Depends, sometimes one or the other, sometimes both. The hospital I thought about using wouldn't agree (because of the type of scar I had) but the doc I saw was supportive but it was out of her hands due to staffing and blood banking issues.
The OB that I had a successful VBAC told me at my 6 week follow up post partum that I just need to hope for all girls with small heads in the future...so I switched!!! I found it very discouraging to hear from MY doctor any doubt just 6 weeks after I pushed a baby out! So, I have switched to an OB that when I told him I had a successful VBAC, he told me "you go mama" and when I told him about feeling the pressure of the clock (2 hour pushing limit that I had both times), he rolled his eyes and said, "some women just need more time and you're probably one of them, so now you know you probably just need more time. I'm okay with that, I just pushed with a woman last week for 4 hours!"
So, in my new doctor's eyes, having a VBAC already is a huge deal....my old OB, I feel like I almost could have had more restrictions than I had for the first one!
Statistically, a successful VBAC makes you a better bet for subsequent births. Your scar has been tested and your pelvis "proven" (especially important for women whose CS was for FTP/CPD: a VBAC shows that this really was a fluke).
There are OBs who won't do first time VBACs but will do repeats, too. (With hospitals it's usually all or nothing--from their POV it's all the same.)
Liklihood of UR drops to about 0.1% (versus 0.5%) after you've had a successful VBAC. Many doctors and MWs will attend secondary VBACs but not primary ones. Hospitals with VBAC bans don't make a distinction. Though they cannot legally force you to have a c-section (and you are protected by the EMTALA laws if you show up in labor) they can use scare tactics and provide a hostile invironment towards VBAC in general.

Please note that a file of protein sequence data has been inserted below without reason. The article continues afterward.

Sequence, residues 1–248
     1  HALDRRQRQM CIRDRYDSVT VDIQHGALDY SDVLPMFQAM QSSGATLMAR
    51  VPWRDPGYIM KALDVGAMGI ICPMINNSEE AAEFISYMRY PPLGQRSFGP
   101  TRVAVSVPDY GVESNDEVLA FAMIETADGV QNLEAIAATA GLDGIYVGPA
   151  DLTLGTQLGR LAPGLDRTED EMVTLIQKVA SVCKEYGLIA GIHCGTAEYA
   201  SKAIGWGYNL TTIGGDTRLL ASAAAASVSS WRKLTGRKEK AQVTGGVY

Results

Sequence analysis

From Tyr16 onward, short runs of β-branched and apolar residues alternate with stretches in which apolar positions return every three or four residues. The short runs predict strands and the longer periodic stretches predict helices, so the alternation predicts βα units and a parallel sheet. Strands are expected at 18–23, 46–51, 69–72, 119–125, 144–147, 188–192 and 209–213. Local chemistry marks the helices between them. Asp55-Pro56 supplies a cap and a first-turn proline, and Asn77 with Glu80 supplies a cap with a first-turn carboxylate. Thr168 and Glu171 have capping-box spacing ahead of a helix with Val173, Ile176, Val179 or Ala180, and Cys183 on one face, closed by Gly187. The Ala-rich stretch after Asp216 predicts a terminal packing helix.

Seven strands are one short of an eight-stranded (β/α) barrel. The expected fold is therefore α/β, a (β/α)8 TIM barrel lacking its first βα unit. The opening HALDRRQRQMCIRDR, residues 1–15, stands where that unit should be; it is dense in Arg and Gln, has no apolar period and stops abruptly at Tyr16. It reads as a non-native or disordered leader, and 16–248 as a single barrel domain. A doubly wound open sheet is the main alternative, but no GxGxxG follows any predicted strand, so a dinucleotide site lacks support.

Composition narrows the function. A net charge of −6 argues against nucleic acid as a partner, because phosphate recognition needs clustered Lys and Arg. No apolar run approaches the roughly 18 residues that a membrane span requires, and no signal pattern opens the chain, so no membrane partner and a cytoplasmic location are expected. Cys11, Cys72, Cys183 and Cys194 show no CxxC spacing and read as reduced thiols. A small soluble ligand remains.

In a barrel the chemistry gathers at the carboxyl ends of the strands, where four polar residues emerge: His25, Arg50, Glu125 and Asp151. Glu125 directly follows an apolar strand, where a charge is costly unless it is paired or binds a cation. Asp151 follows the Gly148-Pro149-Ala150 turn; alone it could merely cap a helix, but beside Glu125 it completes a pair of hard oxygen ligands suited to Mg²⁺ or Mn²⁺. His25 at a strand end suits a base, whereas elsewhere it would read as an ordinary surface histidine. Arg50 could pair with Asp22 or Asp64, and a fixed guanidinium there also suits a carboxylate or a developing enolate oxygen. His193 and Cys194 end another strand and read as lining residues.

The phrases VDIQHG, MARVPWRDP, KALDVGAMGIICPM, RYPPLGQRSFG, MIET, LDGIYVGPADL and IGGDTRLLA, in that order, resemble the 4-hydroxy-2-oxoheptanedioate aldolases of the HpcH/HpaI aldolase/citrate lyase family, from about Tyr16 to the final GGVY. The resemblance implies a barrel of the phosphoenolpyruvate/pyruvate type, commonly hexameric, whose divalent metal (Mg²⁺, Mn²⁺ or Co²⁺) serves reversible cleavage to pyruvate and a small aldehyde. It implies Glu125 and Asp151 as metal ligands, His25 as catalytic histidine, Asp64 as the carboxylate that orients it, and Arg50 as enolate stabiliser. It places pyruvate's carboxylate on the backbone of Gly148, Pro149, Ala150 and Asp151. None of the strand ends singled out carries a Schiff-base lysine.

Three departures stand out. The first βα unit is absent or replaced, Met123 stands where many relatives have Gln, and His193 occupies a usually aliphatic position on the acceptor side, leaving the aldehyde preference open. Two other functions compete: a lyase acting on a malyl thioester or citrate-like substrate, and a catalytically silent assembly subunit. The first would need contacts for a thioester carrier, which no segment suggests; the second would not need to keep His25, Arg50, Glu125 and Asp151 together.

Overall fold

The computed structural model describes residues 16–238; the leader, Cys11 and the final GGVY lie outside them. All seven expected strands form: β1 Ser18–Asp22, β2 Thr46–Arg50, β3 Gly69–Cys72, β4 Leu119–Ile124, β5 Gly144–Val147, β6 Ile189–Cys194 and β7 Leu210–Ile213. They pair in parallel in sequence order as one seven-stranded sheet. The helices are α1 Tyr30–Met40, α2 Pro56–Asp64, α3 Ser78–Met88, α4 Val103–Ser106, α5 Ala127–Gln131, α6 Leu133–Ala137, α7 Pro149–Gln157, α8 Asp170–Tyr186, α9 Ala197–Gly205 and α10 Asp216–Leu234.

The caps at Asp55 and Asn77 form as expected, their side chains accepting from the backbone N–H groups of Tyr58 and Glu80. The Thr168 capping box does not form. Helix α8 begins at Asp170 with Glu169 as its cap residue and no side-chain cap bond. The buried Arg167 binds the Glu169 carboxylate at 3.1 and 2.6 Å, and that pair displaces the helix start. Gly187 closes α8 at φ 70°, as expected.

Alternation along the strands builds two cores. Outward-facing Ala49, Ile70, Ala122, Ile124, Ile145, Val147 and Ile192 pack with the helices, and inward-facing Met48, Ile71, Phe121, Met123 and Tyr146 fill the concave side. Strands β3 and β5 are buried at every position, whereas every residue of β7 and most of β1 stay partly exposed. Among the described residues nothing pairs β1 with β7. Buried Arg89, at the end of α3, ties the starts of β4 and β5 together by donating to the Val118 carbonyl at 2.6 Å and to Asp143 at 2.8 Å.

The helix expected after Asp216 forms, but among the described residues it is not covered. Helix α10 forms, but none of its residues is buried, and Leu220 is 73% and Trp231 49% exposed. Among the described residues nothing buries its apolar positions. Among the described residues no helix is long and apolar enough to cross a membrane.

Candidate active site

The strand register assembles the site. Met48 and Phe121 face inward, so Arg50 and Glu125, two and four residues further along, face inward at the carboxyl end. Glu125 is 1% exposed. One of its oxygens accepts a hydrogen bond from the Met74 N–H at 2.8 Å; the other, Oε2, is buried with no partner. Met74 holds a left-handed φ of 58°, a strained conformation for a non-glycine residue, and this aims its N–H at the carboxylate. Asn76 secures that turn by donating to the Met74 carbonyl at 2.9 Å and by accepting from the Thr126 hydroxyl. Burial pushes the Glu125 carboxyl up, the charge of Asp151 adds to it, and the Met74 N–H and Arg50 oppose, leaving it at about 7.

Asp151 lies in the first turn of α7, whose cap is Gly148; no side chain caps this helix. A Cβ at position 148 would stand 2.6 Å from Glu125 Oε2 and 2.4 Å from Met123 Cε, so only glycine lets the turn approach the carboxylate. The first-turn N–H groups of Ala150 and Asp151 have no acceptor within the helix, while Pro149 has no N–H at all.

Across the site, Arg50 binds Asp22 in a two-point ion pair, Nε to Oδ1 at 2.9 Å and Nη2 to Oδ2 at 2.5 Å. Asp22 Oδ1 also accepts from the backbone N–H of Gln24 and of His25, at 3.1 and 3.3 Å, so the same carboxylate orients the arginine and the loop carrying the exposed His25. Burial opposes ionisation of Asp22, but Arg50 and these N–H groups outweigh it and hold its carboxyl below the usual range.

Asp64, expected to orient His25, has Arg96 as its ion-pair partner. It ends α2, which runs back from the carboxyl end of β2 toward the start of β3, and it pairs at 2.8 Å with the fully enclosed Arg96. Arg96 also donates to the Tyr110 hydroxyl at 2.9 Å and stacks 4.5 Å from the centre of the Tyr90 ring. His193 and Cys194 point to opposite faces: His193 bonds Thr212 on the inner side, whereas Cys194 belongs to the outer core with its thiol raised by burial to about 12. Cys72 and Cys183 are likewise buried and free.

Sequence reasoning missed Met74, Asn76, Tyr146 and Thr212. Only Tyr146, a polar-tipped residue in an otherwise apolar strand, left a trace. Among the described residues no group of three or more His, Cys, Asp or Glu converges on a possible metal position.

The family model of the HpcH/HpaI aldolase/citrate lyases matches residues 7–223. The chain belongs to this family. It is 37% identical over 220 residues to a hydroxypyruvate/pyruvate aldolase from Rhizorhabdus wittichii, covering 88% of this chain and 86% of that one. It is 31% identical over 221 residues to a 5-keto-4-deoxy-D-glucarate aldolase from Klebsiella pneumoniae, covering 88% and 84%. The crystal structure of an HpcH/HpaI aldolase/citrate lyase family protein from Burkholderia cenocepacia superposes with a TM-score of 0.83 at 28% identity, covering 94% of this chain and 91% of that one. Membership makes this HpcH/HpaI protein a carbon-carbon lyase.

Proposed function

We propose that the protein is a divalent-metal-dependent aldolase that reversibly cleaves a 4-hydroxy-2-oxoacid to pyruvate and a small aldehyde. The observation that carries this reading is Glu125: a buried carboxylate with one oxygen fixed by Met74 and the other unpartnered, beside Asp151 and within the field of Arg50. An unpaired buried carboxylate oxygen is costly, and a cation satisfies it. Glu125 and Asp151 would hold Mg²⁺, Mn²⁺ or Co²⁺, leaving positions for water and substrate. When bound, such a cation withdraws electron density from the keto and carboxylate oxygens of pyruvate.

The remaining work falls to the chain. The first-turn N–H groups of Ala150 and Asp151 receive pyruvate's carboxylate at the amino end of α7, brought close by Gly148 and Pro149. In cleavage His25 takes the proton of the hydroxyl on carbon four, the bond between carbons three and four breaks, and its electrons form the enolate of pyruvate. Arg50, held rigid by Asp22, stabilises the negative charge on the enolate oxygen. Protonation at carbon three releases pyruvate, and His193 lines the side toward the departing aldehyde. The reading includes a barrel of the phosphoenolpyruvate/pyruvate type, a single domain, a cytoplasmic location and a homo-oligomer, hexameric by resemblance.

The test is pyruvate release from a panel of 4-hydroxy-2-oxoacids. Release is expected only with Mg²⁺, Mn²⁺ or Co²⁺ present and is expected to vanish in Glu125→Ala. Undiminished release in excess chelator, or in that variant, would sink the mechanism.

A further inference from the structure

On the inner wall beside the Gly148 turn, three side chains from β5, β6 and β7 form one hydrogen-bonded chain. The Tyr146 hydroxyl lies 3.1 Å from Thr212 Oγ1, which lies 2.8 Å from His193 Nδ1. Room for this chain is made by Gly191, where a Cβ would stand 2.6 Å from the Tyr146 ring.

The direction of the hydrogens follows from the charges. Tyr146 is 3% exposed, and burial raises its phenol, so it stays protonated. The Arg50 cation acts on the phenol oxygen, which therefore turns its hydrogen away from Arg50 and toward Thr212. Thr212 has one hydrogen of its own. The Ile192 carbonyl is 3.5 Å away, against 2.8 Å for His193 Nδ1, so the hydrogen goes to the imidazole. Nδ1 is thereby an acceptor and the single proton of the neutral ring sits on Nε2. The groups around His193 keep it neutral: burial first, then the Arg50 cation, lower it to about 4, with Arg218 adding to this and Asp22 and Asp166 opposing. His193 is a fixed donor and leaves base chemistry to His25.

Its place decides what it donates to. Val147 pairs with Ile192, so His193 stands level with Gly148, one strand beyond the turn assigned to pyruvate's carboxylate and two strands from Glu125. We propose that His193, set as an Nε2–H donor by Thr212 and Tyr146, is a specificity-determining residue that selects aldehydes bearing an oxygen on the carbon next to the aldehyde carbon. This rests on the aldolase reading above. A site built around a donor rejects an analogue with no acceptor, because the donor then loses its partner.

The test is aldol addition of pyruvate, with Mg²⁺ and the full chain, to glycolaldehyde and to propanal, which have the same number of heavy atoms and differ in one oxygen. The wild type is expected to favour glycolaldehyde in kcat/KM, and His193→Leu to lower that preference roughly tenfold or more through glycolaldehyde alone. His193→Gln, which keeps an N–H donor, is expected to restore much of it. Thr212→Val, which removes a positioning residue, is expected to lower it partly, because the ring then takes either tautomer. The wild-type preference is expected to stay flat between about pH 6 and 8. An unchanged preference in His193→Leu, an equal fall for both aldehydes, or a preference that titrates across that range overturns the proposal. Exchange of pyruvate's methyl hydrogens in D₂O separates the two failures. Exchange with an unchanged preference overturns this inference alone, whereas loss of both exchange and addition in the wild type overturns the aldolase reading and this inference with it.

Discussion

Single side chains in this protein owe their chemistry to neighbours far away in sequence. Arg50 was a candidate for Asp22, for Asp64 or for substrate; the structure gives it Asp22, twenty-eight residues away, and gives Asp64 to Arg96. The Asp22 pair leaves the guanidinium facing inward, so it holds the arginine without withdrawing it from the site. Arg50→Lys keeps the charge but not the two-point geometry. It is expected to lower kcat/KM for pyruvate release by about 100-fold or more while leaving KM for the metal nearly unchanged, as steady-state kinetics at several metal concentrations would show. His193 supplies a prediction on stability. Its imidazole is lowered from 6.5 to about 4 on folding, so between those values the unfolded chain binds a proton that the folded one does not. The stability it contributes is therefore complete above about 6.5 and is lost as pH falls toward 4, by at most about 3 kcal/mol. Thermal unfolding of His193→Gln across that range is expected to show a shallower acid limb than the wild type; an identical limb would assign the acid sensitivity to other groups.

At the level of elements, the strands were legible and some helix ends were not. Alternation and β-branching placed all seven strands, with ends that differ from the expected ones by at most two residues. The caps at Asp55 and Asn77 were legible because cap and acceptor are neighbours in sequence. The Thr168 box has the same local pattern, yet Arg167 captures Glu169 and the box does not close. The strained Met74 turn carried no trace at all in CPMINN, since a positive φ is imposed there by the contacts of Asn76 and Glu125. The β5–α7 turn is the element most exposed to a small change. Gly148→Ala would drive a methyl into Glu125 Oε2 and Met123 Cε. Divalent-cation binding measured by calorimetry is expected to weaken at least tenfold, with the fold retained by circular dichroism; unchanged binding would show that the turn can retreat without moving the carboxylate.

My OB was really encouraged after my VBAC 2 weeks ago...she made a point to mention to me after the delivery that if we decide to go for a third baby, she felt I could easily birth a 10lb baby vaginally. (DD#1 was almost 10lbs & a FTP c section-my OB & I always wondered if it was just a positional issue or her size that caused my issues 1st time around)
Unfortunately it can change at a moments notice with disregard to anyone's past VBAC history. Case in point: I have had 5 successful VBACs and yet was told by the Bozeman Deaconess Hospital in Bozeman Montana that I would NOT be allowed to VBAC there.
As my midwife put it when I asked her about it now that I'm pregnant with #3 (which will be my 2nd VBAC), "Once a VBAC, always a VBAC". If you are able to stick with the same provider who was there for your first VBAC, you shouldn't have an issue, right?
For me, I had to fight just as hard for my second VBAC as for my first. The arguments and rationale were different each time, but the issue was the same: who gets to decide what is best for me? the hospital where I had my first VBAC did not make any distinction at all. I was still very risky. And my VBAC doctor wasn't really supportive in the first place, so that didn't help.
The advantage for me was that my VBAC was so empowering, I worried less about the scare tactics and pressure from the staff. Hopefully, you can say the same!
I think that many anti VBAC doctors won't care whether you've had a vaginal birth or not, and some hospitals have an all out VBAC ban.
I do think, in general, it may be easier to find a doctor to support you in a second VBAC, but it definitely isn't a given.
My OB with my VBAC was not super supportive. She was the "whatever you want to do, but are you sure you don't want to schedule that c/s?" type. After I had DS2 though, in the delivery room she said "you should definitely do this again!" It was a very good VBAC
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